Yesterday’s LA Times editorial about class sizes at Locke High School was a telling reminder of what education can be when decisions are made based on what is best for our children.
And a tour of classrooms -- English, math, chemistry -- shows fewer students in each. Average class sizes, which had hovered in the low 30s last year, are now in the mid-20s.
This isn't just a change from the year before; it stands in marked contrast to the Los Angeles Unified School District and many other public school systems that have laid off teachers and increased class sizes because of miserable education funding.
So it is instructive to study the ways in which Green Dot managed to lower class sizes to levels that would be the envy of many more affluent California public schools. Such an examination reveals the years of neglect and mismanagement by L.A. Unified; it also sheds light on the historically inefficient use of revenue in the district that has kept money out of classrooms.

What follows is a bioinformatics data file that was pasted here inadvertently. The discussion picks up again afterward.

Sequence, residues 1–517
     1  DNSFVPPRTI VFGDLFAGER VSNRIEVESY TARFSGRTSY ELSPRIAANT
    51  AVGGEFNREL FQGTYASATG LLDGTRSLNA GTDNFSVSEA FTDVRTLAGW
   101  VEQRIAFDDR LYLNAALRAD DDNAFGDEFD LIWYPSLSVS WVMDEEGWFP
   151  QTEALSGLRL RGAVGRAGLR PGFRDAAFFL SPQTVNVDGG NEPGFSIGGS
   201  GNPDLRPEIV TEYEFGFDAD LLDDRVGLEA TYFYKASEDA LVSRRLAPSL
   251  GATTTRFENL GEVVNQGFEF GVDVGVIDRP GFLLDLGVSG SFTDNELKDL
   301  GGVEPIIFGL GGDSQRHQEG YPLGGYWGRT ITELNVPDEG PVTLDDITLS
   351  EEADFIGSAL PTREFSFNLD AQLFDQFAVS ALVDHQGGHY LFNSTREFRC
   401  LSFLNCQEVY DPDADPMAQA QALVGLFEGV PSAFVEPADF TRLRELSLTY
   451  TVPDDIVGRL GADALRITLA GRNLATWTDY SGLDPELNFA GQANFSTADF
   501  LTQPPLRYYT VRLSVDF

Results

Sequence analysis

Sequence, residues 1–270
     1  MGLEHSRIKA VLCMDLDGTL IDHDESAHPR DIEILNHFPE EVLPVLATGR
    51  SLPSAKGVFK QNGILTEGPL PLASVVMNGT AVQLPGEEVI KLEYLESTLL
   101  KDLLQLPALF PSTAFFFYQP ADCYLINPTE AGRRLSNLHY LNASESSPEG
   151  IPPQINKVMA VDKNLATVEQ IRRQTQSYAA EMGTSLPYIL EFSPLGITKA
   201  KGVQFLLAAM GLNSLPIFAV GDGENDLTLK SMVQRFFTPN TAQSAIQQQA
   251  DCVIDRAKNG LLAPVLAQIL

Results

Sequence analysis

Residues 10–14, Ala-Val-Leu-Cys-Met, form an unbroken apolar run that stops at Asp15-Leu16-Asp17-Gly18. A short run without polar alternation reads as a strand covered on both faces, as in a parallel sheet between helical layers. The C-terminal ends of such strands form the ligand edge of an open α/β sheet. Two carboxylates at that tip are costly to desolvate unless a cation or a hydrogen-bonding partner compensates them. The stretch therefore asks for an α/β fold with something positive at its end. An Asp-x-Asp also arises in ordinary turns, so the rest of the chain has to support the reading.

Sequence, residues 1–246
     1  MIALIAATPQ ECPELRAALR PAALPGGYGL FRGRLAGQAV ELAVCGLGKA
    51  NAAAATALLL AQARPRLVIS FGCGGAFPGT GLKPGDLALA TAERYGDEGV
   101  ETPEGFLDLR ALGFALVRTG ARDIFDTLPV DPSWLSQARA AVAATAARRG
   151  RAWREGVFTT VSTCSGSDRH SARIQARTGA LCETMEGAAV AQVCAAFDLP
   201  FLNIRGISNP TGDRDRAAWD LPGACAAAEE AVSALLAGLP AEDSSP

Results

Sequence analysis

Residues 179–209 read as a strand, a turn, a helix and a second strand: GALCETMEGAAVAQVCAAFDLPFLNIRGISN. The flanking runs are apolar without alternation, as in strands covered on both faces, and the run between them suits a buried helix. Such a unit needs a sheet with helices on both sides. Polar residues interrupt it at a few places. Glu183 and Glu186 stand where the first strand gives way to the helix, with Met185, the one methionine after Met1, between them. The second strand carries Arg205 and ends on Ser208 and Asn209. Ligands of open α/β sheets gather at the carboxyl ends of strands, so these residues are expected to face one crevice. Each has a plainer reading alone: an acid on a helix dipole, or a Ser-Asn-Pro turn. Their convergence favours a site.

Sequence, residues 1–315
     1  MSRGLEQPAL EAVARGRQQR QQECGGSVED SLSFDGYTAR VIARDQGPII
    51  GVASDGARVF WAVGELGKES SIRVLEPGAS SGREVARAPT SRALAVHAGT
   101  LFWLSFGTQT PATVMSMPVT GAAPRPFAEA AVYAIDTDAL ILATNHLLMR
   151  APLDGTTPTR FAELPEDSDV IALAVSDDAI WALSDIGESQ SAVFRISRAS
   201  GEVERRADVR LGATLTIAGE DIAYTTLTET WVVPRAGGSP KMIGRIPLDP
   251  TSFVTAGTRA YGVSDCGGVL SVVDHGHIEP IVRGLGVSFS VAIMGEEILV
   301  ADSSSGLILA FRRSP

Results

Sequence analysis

The article goes on to describe the ways in which this has been achieved- by going after state funding for low-income students that LAUSD never bothered to pursue, by shrinking their bureaucracy and spending only 6% of their operating funds outside the classroom, and by empowering principals to save money instead of empowering bureaucrats to spend it. Common sense stuff, right?
Saying that this stands in “marked contrast” to LAUSD may be an understatement. A recent LAT article documented some classrooms with over 50 students- at Fairfax High, the average social studies, art, and science class has 47 students in it. Although research has shown that class size is not the most important factor affecting student performance, classes of this magnitude place an absurd strain on teachers and students alike.
And these sort of common sense principles aren’t limited to just Green Dot or charter operators. Both Glendale Unified and Long Beach Unified – the latter of which is an urban district that consistently outperforms LAUSD – have managed to limit class size increases in a way LAUSD parents and teachers can only dream about. It’s well past time for LAUSD to dismantle its ridiculous bureaucracy, put more money into the classroom, and build a 21st century school system designed around what is best for our children.